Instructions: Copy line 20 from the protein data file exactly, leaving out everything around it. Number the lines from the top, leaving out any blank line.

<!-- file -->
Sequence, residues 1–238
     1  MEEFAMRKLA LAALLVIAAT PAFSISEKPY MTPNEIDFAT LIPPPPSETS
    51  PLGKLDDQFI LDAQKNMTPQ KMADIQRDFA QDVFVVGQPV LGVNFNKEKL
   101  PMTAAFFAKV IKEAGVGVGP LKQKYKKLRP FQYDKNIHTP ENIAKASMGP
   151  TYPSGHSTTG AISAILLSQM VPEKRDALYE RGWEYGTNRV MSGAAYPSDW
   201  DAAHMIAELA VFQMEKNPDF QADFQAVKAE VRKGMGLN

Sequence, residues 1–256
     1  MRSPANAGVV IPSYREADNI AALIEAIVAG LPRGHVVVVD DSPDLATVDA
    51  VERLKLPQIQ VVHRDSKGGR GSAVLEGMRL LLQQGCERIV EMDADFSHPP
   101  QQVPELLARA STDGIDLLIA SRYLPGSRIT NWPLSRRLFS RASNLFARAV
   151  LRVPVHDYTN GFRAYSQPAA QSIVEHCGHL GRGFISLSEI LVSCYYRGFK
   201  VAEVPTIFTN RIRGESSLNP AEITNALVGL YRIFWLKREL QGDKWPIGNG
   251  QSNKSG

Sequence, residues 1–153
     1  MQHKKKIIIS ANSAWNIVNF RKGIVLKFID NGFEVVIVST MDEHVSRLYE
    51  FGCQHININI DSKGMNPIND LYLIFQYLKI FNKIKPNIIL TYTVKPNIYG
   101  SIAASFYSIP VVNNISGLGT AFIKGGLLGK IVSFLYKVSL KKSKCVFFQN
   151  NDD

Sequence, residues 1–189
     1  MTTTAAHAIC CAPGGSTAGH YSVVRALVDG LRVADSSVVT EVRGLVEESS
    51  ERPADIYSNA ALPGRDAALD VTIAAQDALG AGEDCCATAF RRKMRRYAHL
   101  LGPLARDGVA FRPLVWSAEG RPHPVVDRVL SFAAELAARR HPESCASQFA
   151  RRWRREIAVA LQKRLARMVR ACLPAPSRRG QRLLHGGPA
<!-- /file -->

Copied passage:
     1  MTTTAAHAIC CAPGGSTAGH YSVVRALVDG LRVADSSVVT EVRGLVEESS